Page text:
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DEFRA Approved Stoves

DEFRA (Government Department for Environment, Food, and Rural Affairs)

Advice regarding the Regulations associated with the installation of wood burning stoves (including multifuel).

As a simple rule of thumb – a DEFRA Approved stove allows you to burn wood in a smoke controlled area.  You cannot burn wood with a stove that is not DEFRA approved if living in a smoke controlled area.

Be aware that the notation ‘SE’ (smoke exempt) also applies to stoves that are permitted to burn wood in a smoke controlled area.

Check with your Council

Many parts of the UK are smoke control areas where you can’t emit smoke from a chimney unless you are using a DEFRA Approved stove, burning an authorised fuel or using exempt appliances*1.

You should telephone your local council or check on their website to see if you live in a smoke control area.  You can be fined up to £1,000 if you break the rules and risk the costs of replacing your wood burning stove with another, DEFRA approved model.

Even certain types of kindling can be restricted – check with your council.

If you have purchased a non DEFRA Approved stove, the Regulations do allow you to use that stove in a smoke controlled area provided you comply with the burning of authorised fuel only. You can check with the manufacturer to see if they plan to apply for the stove to be placed on the exempt appliance list. Otherwise for a list of authorised fuels check out:  http://smokecontrol.defra.gov.uk/fuels.php

Connecting Flue Pipe to the stove

If you are using a DEFRA approved stove and converting from single wall enamel or stainless steel flue pipe to a flue liner (transiting vertically up the chimney stack) – you can connect the pipe to liner which have equal diameters. For example, a 5” diameter single wall pipe to a 5” diameter liner.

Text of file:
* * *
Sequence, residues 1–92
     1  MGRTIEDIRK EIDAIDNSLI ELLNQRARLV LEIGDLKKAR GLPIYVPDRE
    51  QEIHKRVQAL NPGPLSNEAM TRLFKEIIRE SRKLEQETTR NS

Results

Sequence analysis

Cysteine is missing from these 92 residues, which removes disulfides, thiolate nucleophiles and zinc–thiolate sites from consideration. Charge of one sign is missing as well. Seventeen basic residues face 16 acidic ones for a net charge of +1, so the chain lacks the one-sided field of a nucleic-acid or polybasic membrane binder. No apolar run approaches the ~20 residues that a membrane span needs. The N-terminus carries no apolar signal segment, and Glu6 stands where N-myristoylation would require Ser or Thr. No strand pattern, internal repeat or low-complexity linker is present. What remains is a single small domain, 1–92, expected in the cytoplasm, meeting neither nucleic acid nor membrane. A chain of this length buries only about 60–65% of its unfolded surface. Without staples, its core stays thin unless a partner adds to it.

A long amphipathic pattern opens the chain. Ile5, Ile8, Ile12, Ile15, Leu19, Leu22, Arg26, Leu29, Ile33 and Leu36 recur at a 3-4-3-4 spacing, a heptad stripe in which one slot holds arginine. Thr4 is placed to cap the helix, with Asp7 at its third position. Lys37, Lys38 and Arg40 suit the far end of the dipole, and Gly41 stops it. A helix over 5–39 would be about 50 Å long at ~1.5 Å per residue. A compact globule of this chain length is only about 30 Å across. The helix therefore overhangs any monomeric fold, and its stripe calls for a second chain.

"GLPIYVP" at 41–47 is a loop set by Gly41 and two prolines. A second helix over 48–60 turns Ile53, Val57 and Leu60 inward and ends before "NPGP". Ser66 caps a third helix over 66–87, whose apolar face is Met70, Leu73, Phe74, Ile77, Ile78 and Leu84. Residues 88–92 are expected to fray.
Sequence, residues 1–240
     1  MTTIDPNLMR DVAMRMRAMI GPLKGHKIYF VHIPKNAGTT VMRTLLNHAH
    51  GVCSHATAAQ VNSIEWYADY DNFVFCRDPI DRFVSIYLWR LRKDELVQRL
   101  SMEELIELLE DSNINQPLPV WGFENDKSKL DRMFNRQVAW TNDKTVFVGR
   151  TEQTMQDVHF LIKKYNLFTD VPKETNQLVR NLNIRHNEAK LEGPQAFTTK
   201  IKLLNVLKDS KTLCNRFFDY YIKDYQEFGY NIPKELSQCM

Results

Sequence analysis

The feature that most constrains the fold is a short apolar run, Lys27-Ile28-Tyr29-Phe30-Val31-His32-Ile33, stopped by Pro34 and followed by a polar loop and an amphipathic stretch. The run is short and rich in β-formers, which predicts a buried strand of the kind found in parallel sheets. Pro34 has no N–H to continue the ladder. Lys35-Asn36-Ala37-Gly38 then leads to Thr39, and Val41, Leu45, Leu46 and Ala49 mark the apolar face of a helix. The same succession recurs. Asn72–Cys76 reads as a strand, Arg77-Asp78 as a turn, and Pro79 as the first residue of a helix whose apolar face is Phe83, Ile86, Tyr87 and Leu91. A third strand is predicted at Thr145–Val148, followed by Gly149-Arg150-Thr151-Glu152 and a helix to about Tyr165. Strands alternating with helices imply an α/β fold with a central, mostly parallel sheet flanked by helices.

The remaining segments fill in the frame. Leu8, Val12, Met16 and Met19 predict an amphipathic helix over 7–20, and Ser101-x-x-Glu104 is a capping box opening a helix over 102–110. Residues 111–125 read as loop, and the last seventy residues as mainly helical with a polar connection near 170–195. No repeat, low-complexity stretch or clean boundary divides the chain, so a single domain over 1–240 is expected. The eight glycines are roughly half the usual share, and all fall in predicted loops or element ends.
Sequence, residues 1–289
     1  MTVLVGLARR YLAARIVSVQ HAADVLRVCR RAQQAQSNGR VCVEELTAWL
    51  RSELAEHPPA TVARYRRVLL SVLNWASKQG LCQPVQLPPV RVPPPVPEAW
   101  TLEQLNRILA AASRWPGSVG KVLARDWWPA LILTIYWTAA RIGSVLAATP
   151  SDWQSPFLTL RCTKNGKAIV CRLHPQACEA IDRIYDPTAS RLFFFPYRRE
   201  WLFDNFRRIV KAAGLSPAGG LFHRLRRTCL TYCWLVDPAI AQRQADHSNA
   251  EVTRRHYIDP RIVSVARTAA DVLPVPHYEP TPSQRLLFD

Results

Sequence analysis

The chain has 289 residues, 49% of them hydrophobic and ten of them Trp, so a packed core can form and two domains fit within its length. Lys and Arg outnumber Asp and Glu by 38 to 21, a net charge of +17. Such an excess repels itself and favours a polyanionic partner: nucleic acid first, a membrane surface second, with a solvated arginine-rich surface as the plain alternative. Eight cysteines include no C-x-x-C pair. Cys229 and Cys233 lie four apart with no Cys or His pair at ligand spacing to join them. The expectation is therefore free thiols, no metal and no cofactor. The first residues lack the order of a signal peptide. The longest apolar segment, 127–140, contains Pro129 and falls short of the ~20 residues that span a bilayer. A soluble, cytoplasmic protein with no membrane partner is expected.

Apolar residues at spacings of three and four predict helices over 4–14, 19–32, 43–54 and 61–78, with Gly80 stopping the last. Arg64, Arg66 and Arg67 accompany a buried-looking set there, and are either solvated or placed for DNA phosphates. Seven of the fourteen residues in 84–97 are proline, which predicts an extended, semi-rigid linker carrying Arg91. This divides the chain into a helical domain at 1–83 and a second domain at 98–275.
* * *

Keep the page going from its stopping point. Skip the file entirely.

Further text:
The reason for this is because the relatively smokeless fuel leaves less soot build up in the pipe and liner.  Air vents have a slight variation in design to reduce the amount of time that the fire will smoulder after being alight.  This is often a cause of a build-up of soot in the pipes and liner.

It is rarely the case; however, we always suggest you check with the manufacturer’s recommendations in case they advise connecting to a liner with a one inch greater diameter.

If you are not using a DEFRA approved stove it is recommended*2 that you convert to one inch larger when connecting your single wall pipe to the liner.  For example, a 5” diameter single wall pipe to a 6” diameter liner.

It is best to increase the diameter when connecting a liner as soot can build up in the pipe and liner and gradually restrict air flow.

*1 Some stoves and flue systems may be exempt from DEFRA regulations – check with your council for more information or contact us to discuss this further.

*2 It is not against the law to connect the pipe to the liner which have equal diameters, just not recommended.